At the Information Ministry’s office yesterday Campaign for Good Governance (CGG) projected Sierra Leoneans perceptions of democracy, elections and citizenship, while looking at the Afrobarometer Round 7 survey in Sierra Leone, which was conducted by ITASCAP.
Some of the outstanding findings revealed were that 56% of Sierra Leoneans say dual citizens should not be allowed to stand for elected office.
More than one quarter of Sierra Leoneans say the president “often” or “always” ignores laws and parliament.” 64% says government should be able to ban any organization that goes against it policies. 81% have more trust in the military as a state apparatus fulfilling it functions as stipulated in the constitution than that of the presidency (70%); the National Electoral Commission (64%); the Parliament (63%), Local government councils (59%); Courts of law (56%) and police (37%).
Substantial proportion of Sierra Leoneans say people often or always have to be careful about what they say (48%), how they vote (41%) and which organization they joined (37%).” “…80% of Sierra Leoneans say party politics ‘often’ or ‘always’ lead to violence.” While, 41% say they fear becoming victims of political intimidation or violence… during electoral campaigns.”
In the past two years more than half 53% say they have personally feared violence at political events, and a third 33% report having feared violence during public protests.” However, it is not all gloomy as large majorities support democracy and reject non-democratic alternatives. Six in 10 (62%) support multi party competition. 69% says we should be able to hold government accountable. 70% says the government must always obey the law and 60% says he or she should be accountable to parliament.
The Executive Director of CGG Marcella Samba-Sesay said the thrust of the Afrobarometer is about how data affect the lives of ordinary citizens.
“Many a time we want to present issues around governance and politics … Through our mere opinion and those mere opinions can not change the welfare of citizens but when backed by evidence, when backed by data we are able to resonate and understand exactly where we are going… it shows if we are making difference or not,” she explained.
“The data should be such that we are able to interrogate it to understand why is it that, in as much as all of these energies are put into such actions, why are we not realizing any dividend.” Marcella added, “ordinary citizens want to see democratic gains in their lives it is not only about casting their ballot they want to see real changes as democracy transform.”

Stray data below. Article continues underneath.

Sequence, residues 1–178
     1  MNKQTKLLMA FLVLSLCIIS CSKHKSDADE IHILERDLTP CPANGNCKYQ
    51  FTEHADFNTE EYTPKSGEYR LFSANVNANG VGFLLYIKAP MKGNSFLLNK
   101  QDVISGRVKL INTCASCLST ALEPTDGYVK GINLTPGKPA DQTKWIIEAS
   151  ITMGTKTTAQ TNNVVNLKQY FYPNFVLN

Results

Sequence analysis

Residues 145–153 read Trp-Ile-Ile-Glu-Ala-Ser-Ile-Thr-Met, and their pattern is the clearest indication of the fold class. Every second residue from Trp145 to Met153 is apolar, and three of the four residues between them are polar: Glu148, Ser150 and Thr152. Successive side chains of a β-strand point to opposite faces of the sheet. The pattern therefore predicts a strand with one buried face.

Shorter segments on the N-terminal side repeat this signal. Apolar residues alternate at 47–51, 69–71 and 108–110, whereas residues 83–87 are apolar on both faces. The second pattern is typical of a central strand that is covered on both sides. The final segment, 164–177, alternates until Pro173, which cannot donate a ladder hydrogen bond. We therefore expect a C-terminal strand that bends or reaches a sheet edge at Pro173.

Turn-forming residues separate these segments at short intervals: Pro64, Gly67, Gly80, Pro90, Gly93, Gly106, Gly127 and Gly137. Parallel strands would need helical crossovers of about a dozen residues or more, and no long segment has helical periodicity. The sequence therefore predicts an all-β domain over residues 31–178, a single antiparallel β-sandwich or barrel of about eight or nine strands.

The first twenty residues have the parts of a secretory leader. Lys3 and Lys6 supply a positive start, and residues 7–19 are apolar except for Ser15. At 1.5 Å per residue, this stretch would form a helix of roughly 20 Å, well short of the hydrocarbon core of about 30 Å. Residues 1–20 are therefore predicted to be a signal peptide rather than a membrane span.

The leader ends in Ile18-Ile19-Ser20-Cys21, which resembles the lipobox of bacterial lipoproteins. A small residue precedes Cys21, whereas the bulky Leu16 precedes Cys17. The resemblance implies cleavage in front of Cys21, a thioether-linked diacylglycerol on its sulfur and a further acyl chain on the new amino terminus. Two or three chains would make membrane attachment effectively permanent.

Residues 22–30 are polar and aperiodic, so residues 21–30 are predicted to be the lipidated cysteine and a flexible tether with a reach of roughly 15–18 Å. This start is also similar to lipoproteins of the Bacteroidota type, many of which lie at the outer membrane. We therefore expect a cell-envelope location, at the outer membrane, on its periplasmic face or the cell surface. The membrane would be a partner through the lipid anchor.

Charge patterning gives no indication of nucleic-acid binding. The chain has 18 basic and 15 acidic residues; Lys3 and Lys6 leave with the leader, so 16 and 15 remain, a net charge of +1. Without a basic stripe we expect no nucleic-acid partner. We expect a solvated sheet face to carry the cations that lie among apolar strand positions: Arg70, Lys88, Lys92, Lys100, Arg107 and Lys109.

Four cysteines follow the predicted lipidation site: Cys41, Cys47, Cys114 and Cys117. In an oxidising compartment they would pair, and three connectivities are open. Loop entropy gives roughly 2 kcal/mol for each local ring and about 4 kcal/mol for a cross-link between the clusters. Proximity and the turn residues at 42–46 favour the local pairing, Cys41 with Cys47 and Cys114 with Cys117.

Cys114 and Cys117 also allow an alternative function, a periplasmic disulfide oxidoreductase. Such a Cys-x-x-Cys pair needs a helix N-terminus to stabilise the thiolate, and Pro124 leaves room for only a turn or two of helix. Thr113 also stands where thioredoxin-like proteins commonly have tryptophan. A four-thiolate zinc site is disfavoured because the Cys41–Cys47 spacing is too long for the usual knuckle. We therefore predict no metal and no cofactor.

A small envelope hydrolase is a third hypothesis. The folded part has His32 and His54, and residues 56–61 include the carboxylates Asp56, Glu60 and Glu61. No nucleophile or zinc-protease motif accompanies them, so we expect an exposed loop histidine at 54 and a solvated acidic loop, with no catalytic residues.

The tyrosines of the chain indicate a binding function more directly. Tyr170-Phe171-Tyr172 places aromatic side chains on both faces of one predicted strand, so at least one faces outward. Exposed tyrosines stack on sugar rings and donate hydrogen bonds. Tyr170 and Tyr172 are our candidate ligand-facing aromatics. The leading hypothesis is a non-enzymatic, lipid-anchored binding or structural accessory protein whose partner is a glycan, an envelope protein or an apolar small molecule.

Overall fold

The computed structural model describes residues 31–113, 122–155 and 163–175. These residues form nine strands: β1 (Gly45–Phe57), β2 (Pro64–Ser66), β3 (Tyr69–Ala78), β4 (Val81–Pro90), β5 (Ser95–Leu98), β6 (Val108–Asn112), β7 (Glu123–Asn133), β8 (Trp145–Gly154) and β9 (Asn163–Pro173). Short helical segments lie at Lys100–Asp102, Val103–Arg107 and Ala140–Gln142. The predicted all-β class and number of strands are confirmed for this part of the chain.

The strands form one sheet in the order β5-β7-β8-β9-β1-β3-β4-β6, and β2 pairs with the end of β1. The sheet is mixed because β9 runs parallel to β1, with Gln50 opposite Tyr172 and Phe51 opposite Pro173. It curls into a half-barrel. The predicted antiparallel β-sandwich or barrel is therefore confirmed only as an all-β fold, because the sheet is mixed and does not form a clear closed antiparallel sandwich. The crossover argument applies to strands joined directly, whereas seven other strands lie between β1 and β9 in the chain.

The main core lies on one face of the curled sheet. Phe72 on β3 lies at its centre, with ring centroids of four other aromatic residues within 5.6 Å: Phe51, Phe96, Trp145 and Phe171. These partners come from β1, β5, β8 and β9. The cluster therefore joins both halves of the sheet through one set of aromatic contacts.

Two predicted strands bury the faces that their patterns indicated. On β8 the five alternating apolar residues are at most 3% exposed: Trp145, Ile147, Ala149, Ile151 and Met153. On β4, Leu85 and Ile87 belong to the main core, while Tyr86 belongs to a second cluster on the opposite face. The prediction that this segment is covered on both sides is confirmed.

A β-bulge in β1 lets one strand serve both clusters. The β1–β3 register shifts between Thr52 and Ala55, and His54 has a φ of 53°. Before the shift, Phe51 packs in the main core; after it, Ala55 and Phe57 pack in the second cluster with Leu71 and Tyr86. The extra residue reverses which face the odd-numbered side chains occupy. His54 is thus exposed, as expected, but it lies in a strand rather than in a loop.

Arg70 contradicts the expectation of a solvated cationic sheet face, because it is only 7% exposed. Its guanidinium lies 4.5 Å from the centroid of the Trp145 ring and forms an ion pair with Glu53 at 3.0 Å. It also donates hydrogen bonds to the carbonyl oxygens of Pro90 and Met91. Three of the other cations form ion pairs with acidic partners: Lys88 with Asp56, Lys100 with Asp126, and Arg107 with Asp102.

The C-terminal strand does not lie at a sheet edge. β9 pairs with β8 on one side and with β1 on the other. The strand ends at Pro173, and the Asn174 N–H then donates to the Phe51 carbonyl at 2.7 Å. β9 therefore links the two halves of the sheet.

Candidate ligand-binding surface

The CGG Executive Director said “…as we move towards democratic consolidation we need to look at what are the hiccups we are having and what are the serious issues as policy makers to be considered that hinders or hampers democracy.” Also advising that the find should be looked at “from a forward looking perspective.”
CGG Programs Officer Ibrahim Sesay explained that the purpose of the Afroberometer is to measure popular perceptions on the social, political and economic environment of Sierra Leoneans. Adding that “the goal is to give the public a voice in policy making processes by providing high quality opinion data to policy makers, policy advocate, civil society organizations, academics, the media, donors, investors and ordinary Africans.”
However, he pointed out that “a program of this nature will go a long way in breaking the democratically questionable habit of experts, politicians and others that often unilaterally claim that their opinions represent those of the ordinary Africans and give voice to the people.”
Ibrahim said with this process “we are hopeful, would direct us to provide governance, views of ordinary citizens to feed directly into policy advocacy and policy making processes. We are also hopeful it will go a long way in meeting the objectives of the Afrobarometer survey…”
The Minister of Information, Mohamed Swaray expressed his delight noting that the information would serve as “precision guided missiles” in addressing policy making.